On July 9 Judge Katherine Forrest, presiding judge, denied all of Ross Ulbricht’s motions to dismiss his case, concluding that the government’s indictment was sufficient to bring the case to trial.

However, this was NOT a judgment on Ulbricht’s guilt or innocence, despite implications from much of the media. Rather, the judge wants the charges addressed in court. There they must be proven to a jury, beyond a reasonable doubt. This is a far more demanding standard than an indictment.

The judge, unlike many journalists, has not tried and convicted Ulbricht yet, and does not assume his guilt without evidence.  In fact, (revolutionary concept) she considers him innocent until proven guilty!  And unlike much of the media she even uses the word alleged to describe an unconvicted man.

The judge emphasizes this, repeating: “Again, on a motion to dismiss an indictment, the Court accepts as true the Government’s allegations; whether and how those allegations can be proven is not a question for this stage in the proceedings.” In other words, the alleged criminal activity is only nominally attributed to Ulbricht for the sake of argument. She is not saying she thinks he is guilty.

Naturally, Judge Forrest’s opinion was disappointing. However Joshua Dratel, Ross’ lawyer, said that a dismissal of a federal case on pre-trial motions, especially a high-profile one, is always a long shot.

Despite failing to put a brake on the government’s ability to charge internet hosting activity as a crime, the opinion does accomplish certain things, according to Dratel.

It:

  • Defines the case more narrowly;
  • Acknowledges the novelty and importance of many of the issues involved;
  • Identifies several important issues that will be critical at trial;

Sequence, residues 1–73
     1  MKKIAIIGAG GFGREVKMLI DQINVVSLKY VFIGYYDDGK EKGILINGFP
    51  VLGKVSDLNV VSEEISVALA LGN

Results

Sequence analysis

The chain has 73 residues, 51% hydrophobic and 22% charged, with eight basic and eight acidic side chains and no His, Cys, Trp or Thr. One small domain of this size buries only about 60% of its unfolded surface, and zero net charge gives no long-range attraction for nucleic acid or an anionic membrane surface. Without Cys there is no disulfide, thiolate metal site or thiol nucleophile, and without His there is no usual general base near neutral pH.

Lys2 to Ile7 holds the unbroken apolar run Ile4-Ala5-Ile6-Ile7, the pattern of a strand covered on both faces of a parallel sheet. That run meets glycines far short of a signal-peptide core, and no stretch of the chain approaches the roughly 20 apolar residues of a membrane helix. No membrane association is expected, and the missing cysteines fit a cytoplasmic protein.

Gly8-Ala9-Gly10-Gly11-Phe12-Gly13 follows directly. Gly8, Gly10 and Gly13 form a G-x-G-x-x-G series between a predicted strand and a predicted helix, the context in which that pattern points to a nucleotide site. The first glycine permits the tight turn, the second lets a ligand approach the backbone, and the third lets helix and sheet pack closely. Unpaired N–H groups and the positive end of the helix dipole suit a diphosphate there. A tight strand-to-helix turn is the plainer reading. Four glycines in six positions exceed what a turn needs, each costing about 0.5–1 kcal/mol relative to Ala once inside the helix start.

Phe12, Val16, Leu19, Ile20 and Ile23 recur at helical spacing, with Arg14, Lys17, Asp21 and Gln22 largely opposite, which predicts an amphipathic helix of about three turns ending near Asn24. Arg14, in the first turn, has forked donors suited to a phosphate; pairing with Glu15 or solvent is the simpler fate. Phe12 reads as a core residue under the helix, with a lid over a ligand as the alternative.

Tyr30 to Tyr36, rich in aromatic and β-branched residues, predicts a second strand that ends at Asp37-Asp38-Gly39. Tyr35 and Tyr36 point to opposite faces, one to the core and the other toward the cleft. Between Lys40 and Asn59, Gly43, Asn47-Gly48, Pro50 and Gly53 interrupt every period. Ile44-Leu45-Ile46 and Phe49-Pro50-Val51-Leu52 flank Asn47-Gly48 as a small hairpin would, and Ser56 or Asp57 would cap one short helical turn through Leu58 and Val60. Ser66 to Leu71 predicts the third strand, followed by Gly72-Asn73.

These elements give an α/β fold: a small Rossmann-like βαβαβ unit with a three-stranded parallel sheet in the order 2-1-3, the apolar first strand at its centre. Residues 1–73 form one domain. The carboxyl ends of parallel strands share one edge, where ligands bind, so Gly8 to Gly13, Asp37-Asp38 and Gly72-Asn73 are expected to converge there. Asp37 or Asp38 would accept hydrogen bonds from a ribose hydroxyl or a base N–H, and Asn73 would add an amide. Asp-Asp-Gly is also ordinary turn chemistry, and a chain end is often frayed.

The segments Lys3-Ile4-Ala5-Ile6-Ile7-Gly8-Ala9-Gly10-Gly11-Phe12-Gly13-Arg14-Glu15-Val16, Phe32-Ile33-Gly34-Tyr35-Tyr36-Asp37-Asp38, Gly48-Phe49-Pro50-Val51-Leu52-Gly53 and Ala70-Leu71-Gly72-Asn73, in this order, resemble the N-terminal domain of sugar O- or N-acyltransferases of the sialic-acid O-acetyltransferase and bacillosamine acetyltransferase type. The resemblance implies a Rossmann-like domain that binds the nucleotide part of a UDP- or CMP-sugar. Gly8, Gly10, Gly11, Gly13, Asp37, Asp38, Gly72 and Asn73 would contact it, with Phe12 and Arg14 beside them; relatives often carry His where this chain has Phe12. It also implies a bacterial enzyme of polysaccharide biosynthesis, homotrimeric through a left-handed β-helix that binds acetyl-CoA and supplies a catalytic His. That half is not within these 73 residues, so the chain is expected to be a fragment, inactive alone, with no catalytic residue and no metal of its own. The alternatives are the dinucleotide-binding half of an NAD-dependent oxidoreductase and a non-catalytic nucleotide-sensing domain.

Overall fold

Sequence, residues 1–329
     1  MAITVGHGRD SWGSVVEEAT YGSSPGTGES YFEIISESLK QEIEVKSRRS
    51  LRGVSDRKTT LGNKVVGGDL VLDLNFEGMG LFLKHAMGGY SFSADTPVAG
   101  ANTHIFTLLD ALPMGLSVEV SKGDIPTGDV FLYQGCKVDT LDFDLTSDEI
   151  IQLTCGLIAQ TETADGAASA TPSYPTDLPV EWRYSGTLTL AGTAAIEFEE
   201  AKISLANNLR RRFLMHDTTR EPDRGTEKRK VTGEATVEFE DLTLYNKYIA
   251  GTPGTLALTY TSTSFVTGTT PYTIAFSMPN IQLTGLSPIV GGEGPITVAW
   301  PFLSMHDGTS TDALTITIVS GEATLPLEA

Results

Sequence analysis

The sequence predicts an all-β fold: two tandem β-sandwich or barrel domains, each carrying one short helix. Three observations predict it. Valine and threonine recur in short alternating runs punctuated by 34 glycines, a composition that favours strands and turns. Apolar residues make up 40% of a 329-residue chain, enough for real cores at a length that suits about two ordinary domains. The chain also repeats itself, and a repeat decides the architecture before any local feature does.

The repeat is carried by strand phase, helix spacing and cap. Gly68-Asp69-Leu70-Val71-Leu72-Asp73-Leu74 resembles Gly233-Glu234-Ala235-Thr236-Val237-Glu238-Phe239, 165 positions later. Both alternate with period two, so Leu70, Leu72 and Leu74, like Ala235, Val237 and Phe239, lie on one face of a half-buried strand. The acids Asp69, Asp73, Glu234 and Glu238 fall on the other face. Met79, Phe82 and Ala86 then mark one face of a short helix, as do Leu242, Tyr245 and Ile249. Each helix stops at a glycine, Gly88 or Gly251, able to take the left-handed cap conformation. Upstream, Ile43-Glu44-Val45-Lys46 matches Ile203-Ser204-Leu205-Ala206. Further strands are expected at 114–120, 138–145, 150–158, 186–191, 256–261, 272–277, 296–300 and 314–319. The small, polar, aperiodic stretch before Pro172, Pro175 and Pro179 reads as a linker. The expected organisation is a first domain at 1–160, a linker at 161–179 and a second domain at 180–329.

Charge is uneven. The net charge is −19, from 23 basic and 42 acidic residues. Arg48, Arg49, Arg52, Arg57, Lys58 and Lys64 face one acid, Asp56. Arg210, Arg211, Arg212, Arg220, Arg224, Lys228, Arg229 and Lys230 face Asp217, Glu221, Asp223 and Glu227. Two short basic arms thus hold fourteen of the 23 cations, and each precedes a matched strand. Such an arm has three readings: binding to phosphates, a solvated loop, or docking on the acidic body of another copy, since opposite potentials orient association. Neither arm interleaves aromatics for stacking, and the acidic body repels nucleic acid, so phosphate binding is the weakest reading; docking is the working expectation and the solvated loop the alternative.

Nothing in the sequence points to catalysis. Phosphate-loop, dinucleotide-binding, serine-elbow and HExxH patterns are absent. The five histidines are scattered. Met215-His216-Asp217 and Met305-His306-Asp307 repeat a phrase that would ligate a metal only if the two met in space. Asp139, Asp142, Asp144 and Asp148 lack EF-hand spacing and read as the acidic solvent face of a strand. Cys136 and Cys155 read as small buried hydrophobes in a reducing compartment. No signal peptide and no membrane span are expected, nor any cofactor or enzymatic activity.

• Has the government commit itself to certain theories;
  • Presents significant factual hurdles for the government to prove, such as:
    •   

    • how a conspiracy is defined and formed;
    • the temporal aspects of a conspiracy;
    • the nature of relationships among supposed co-conspirators.

The judge repeatedly states that the government will have to prove its case in court. For example, from the opinion:

  • “The case depends on proof of conspiracy… when, how, and with whom.”
  • If the Government can prove at trial that Ulbricht has the requisite intent…”
  • “Whether this issue has any special significance can only be determined at trial.”
  • “Questions as to how the Government will prove its case as to the buyer’s intent are reserved for trial.”

Finally, it was erroneously stated in some media coverage that unless he pleas, Ulbricht now must go to trial. Yet more motions are coming soon. The next ones will address cutting edge, Fourth Amendment issues and build on recent Supreme Court opinions that recognize the evolving understanding of privacy in the digital age. The way our system works, the judge has the power to dismiss a case based on motions. This is an integral part of our justice system, despite what some journalists say.